Yesterday, Microsoft agreed to share revenue from Zune sales with record labels and artists. Forcing the issue was Universal Music Group, which at deadline is the only label named in the program. UMG refused to license its music to the Zune unless it could receive a percentage of each device sold, in addition to standard music licensing fees for downloads and subscriptions.Just so we're clear, Microsoft is selling Zune players empty of any Universal-branded material, and UMG still demanded a cut. Why? Because these devices are just repositories for stolen music, and they all know it.
"These devices are just repositories for stolen music, and they all know it," UMG chairman/CEO Doug Morris says. "So it's time to get paid for it."
How do they know it? Well, not because of their own research, which has repeatedly shown that a) large-capacity MP3 players are more likely to be filled by people who own large, legal music collections, not illegal file-sharing, and besides b) the people who "steal" the most music from file-sharing are also, unsurprisingly, the people who purchase the most music.
But don't forget, they just know that they're chock full of stolen media. Life is so much simpler if you don't have to justify your statements, and simply assert them as fact. And if you don't fill your Zune with stolen media? Any bets on getting your cut back from the media companies?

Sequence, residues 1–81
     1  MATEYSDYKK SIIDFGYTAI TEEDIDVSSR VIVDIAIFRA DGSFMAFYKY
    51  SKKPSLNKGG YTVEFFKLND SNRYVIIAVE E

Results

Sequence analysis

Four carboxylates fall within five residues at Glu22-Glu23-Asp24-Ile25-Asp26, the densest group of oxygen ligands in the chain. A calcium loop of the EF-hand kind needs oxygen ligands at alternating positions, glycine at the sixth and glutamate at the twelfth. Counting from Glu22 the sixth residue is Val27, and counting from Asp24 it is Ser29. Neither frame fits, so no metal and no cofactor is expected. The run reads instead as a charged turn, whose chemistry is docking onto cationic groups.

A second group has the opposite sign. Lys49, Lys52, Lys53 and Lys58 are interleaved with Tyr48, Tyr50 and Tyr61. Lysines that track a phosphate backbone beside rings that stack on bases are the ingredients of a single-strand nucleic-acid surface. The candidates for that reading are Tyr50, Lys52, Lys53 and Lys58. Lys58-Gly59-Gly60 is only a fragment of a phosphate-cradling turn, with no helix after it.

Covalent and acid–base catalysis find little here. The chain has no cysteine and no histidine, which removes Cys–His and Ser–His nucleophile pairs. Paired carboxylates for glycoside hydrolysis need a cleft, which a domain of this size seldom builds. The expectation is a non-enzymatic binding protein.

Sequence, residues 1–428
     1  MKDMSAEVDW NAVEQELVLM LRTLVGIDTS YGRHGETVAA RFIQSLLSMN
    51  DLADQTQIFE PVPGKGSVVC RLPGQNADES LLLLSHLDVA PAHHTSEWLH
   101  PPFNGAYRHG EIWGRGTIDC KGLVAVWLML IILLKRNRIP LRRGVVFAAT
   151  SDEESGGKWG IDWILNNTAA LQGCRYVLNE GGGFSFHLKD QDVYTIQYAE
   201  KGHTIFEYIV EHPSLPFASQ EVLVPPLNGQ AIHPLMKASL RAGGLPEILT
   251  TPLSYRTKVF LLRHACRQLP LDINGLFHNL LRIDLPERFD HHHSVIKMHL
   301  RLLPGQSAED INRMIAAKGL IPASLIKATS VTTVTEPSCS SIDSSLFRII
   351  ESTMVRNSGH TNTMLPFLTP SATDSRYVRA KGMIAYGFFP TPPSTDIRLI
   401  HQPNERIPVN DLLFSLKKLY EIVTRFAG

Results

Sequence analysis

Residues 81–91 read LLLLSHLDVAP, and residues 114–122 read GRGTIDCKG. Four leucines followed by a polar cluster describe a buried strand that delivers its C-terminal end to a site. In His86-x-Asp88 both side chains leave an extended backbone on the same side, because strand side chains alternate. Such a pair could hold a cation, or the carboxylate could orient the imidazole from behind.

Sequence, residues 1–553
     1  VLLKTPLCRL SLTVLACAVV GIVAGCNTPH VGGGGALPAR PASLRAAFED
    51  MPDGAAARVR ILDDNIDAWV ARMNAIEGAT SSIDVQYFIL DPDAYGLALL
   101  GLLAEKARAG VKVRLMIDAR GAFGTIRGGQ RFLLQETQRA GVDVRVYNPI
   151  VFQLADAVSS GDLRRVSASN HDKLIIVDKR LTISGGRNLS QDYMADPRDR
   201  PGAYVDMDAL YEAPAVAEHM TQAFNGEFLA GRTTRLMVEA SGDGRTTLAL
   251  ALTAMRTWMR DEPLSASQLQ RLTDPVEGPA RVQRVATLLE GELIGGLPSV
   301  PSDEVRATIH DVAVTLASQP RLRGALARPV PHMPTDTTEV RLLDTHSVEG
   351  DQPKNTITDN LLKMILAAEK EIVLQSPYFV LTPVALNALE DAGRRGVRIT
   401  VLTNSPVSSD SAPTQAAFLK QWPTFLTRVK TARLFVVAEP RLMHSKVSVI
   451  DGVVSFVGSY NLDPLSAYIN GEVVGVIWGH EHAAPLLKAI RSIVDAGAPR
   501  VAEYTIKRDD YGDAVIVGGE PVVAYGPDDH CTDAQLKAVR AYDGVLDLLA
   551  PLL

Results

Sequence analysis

Aside from being childish and irrational on the part of the music companies, this is an upsetting precedent. What we have here is one large company (Microsoft) agreeing to presume the guilt of its customers, and change it's business practices because of that, all at the behest of other large companies. The idea that they're operating on a faulty premise, or that even if true their conclusion is bizarre, seems to have never entered the equation.
The only thing that makes me happy in the scenario is that the Zune is getting shitty reviews, and I hope it sells crappy for the Christmas season.